Warning: SPOILERS for DC’s Harleen
When it comes to the origin of Harley Quinn, Mad Love is the madcap’s character bible. Every adaptation of the anti-heroine has elements inspired by the Eisner Award winning one-shot comic book by the creators of Batman: the Animated Series, Paul Dini and Bruce Timm. But one story has all other adaptations of Mad Love beat, and that is DC’s 3-issue Black Label title Harleen by Stjepan Šejić.
Though her backstory has fluctuated slightly over the last couple decades, the groundwork established in Mad Love is essentially still canon in most adaptations of Harley. Prior to being the Joker’s girlfriend, Dr. Harleen Quinzel was a psychologist spending her internship at Arkham Asylum. Having earned a gymnastics scholarship to Gotham U, Quinzel graduated with top grades from the university’s prestigious psychology department thanks to sleeping with her professor. Though she “could’ve written her ticket anywhere,” Harleen picked Arkham to intern at because of its high-profile patients/inmates—her motive being to write a tell-all book according to a coworker.
After months of pleading, she finally gets a one-on-one with the Joker, and very quickly falls head-over-heels for his charming lies. Under the Clown Prince’s spell, Harleen has a breakdown one night after Batman returns her recently escaped patient to Arkham, beaten and bloody. In a state of manic outrage, Dr. Quinzel robs a costume shop, breaks the Joker out of prison, and becomes his happy go lucky partner in crime, Harley Quinn. She stays his loyal right hand for many years, until eventually the Joker’s constant abuse becomes too much for Harley and she leaves him.
For nearly 2 decades, Mad Love (both the comic book and later the adapted episode of The New Batman Adventures) served as Harley’s definitive canonical backstory. When DC relaunched its continuity with the New 52, her origin changed slightly to make the former Arkham doc less naive and more no-nonsense; even openly calling the Joker’s false origin stories “all a load of bull” to his face. Though her new motives were more professionally driven (it’s her boss that wants to write the tell-all book by stealing Harley’s research), she inevitably falls under his sway all the same.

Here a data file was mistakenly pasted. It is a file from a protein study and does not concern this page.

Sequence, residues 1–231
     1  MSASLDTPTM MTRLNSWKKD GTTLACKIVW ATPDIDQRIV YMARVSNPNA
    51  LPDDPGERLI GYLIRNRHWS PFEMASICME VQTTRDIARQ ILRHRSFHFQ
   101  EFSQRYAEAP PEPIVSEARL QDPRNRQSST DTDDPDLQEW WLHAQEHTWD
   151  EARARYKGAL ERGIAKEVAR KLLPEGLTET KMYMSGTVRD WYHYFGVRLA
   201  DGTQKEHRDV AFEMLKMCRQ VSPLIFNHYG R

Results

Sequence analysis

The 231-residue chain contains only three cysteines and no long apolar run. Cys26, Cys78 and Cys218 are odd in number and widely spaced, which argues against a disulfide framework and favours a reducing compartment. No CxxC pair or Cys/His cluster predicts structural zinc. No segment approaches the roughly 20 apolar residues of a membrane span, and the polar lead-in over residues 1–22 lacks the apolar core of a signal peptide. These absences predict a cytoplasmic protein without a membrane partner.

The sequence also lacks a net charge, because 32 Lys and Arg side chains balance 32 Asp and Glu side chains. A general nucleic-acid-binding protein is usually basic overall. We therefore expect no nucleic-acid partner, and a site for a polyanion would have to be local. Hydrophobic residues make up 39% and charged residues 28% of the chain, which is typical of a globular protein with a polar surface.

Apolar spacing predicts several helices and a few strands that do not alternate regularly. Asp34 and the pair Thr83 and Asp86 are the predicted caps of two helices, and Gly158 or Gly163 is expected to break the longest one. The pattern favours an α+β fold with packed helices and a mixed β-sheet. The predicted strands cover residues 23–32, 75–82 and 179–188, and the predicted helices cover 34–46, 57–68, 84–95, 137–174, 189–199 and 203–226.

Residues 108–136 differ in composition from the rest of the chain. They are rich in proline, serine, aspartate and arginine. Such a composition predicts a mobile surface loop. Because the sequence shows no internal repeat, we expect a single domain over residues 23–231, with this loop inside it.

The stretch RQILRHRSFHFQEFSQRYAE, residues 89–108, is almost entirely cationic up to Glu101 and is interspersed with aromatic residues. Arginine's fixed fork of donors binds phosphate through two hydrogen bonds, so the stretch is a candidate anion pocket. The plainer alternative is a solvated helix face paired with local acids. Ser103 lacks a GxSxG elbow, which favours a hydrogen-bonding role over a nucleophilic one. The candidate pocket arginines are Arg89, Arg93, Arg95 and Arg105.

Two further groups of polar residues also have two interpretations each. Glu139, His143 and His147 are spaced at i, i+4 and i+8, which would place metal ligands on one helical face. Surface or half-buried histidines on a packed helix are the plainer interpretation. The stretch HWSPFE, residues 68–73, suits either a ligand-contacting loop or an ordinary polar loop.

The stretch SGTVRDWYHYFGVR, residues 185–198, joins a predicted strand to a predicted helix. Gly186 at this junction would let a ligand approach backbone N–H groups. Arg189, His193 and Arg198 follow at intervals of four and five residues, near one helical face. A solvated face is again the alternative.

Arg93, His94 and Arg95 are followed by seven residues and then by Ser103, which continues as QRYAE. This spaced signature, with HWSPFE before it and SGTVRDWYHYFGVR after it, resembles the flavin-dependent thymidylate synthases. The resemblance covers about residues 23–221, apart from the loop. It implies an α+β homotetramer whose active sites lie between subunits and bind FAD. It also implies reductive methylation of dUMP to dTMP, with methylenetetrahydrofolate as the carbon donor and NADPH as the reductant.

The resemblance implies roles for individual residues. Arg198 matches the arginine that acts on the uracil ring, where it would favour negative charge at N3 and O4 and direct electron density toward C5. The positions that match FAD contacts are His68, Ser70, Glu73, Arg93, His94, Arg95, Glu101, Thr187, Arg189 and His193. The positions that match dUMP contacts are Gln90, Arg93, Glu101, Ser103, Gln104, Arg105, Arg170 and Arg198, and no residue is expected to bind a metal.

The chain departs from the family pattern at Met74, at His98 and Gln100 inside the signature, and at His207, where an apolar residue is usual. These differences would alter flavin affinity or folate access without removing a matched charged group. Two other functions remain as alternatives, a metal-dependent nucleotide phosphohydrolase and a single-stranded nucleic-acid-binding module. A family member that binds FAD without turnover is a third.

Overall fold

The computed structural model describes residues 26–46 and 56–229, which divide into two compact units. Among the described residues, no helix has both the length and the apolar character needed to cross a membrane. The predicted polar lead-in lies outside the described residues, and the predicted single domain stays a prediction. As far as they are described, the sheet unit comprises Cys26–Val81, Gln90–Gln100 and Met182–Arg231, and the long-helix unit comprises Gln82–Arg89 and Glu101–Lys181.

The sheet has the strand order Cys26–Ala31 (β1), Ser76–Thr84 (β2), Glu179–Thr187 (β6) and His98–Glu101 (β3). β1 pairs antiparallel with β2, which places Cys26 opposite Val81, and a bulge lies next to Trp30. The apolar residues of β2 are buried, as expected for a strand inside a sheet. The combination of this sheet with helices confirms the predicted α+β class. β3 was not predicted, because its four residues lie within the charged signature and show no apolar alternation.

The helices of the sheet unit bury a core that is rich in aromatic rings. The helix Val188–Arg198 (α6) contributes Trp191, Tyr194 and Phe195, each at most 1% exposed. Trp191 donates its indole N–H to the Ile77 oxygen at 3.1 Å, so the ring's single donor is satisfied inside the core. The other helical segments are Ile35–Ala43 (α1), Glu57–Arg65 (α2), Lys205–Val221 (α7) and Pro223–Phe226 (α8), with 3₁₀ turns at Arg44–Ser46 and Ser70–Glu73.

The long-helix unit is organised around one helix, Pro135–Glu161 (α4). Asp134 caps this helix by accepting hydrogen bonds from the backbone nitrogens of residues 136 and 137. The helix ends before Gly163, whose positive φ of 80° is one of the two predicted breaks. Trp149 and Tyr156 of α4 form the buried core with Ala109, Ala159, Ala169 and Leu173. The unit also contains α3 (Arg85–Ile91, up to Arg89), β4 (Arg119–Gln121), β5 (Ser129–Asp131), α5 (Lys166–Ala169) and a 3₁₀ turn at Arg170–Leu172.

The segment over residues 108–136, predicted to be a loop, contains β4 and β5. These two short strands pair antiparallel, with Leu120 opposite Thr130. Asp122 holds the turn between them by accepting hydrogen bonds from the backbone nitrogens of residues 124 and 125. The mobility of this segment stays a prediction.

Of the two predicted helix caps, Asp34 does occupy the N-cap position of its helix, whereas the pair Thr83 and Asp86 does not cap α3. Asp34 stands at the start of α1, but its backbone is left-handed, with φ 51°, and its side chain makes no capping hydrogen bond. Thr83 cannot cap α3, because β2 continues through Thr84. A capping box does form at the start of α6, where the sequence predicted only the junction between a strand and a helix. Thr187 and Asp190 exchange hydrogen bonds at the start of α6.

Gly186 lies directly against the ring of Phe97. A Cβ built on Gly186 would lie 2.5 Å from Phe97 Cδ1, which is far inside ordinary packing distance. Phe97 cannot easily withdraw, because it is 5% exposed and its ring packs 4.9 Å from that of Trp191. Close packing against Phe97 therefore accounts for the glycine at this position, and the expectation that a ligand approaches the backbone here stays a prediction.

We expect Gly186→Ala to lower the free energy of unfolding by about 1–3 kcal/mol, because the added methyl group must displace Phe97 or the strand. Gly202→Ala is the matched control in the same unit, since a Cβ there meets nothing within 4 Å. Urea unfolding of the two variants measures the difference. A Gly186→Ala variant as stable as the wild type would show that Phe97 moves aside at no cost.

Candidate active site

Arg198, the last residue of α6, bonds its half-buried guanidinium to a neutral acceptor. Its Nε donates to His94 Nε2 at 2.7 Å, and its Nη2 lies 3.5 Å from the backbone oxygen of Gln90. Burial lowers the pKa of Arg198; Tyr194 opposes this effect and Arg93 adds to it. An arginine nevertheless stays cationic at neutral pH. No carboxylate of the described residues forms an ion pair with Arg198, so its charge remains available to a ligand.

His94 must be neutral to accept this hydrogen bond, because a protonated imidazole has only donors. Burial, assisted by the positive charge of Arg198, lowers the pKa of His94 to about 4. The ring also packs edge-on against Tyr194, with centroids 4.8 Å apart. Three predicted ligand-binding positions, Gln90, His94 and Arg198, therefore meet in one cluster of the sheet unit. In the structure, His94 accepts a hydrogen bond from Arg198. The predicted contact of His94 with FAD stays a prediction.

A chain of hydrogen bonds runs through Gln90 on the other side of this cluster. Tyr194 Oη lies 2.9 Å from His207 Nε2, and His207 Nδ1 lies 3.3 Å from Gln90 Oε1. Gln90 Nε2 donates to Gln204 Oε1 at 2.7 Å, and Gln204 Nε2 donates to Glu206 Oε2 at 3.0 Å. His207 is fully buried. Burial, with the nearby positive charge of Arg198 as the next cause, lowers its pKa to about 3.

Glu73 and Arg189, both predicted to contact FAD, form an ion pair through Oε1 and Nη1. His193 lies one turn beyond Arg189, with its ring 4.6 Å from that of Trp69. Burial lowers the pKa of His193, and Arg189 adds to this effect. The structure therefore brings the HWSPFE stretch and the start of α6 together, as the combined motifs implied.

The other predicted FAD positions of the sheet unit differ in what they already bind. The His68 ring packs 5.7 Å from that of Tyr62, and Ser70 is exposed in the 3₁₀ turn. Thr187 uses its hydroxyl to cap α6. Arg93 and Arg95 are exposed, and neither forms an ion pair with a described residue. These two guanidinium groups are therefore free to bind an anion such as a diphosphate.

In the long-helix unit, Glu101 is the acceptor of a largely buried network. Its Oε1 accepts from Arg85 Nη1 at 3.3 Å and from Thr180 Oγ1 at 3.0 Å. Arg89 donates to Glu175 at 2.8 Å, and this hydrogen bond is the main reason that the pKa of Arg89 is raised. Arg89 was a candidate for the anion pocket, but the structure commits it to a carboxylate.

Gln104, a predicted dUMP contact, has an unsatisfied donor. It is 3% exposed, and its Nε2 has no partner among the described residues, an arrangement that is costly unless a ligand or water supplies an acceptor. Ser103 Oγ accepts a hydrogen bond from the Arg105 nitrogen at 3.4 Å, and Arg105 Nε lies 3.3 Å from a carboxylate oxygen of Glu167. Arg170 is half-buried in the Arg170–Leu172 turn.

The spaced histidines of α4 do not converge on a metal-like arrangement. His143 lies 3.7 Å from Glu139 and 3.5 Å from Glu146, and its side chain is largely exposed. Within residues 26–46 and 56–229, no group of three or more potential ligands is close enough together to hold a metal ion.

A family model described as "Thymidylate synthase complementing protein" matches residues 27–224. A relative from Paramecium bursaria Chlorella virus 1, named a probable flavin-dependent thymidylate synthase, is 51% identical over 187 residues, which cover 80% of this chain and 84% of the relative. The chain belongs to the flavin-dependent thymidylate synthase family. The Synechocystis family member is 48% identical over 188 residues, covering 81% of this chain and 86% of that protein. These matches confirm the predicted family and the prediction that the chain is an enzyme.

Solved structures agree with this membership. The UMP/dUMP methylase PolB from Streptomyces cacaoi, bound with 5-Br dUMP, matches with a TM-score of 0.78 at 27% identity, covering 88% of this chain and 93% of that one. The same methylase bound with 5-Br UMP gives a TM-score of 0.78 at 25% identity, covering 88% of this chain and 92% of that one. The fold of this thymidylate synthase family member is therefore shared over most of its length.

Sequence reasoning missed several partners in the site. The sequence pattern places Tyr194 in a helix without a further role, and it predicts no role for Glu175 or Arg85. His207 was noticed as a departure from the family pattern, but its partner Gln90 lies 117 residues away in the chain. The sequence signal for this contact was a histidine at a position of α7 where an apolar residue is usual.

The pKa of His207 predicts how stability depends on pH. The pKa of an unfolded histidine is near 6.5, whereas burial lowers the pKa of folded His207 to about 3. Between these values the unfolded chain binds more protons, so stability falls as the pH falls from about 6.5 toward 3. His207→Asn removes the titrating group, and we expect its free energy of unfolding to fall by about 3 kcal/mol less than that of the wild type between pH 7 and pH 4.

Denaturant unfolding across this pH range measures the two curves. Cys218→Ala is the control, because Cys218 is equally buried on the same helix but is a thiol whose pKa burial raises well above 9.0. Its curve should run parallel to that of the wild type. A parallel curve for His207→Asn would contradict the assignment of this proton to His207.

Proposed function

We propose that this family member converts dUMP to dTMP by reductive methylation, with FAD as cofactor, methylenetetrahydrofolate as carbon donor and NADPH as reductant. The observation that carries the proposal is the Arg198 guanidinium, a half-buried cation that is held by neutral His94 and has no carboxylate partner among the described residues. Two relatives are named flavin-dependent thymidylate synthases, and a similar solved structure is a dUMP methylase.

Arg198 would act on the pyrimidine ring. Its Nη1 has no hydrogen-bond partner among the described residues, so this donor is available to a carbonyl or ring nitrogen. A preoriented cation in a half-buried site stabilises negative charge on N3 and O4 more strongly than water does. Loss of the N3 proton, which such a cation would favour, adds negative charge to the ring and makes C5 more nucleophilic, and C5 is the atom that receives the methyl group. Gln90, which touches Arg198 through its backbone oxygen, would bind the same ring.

In the DC Extended Universe film Suicide Squad, Harley’s origins appear to be a mashup of her original Mad Love hubris and her New 52 revamp. Like in Mad Love, Dr. Quinzel (played by Margot Robbie) sought fame and fortune in studying the Joker, but like in her New 52 storyline “The Hunt for Harley Quinn,” Dr. Quinzel becomes a new (and considerably paler) woman after taking a dip in the same chemicals that created her Puddin’.
What Šejić’s Harleen does differently than all previous incarnations of the Mad Love story is it tells all the same events of Dini and Timm’s acclaimed book, but with modern contexts that feel more like they are coming from Harley herself rather than are being told about her. While it is still true that Harleen slept with a college professor (and was caught) and it is still true that she received top grades from Gotham U, those two things had nothing to do with each other.
Šejić portrays Dr. Quinzel as a highly intelligent, highly motivated psychologist who becomes forever branded with a scarlet letter due to a problematic infatuation with older men who wield power. Her motivation in the story is to prove her hypothesis on trauma and sociopathy, something she presents at an educational symposium. This earns her a research grant from the Wayne Foundation, which leads her to Arkham Asylum. But because of her past, few of her peers actually take her seriously.
Harleen may not be the naive, fame-seeking woman portrayed in Mad Love, but that doesn’t stop the rest of the world from seeing her that way. Her goals are well-meaning, but she’s constantly met with cynicism. She knows her feelings for the Joker are wrong and dangerous, but Mr. Jay’s ability to manipulate others is just too strong for her to overcome. The added context offered by Šejić makes the original Mad Love continuity feels less like an origin story and more like mean-spirited office gossip—wherein all her mistakes are magnified to unflatteringly cartoonish levels.
Harleen takes a story most comic book readers are familiar with and manages to make it feel entirely new without changing any key pieces. Like director Todd Phillips’ critically acclaimed film Joker, this R-rated super villain origin takes a disturbingly honest look at the psychology of an often lampooned character—all while taking jabs at America’s poor healthcare system. And like Arthur Fleck’s final transformation in Joker, Harleen’s transition into super villainy is more grounded and significantly more powerful than simply falling into a vat of crazy juice.
And it’s not just Šejić’s writing that makes Harleen such a haunting story, his artwork is as beautiful as it is eerie. Unlike most portrayals of the Joker, Šejić’s Clown Prince of Crime is drawn to look rather handsome, more like a green-haired vampire in a fairytale than a deranged madman in a crime comic. Dr. Quinzel’s eventual romantic infatuation with the Joker makes considerably more sense when “Mr. Jay” talks like a melancholy poet and looks like he could be the lead singer in a new wave band. And though the story isn’t heavily action driven, the page layout of the fight scenes are cinematic in quality.
Despite being one of DC’s newer characters, Harley Quinn is a staple in the Batman universe—meaning she will be open to interpretation for a very long time. What Šejić does well with Harleen is he doesn’t throw the baby out with the bath water. He takes all elements of a somewhat outdated story and displays them through a new and modern lens. It is mature reading not only for its use of graphic language, but for how it treats its key characters.
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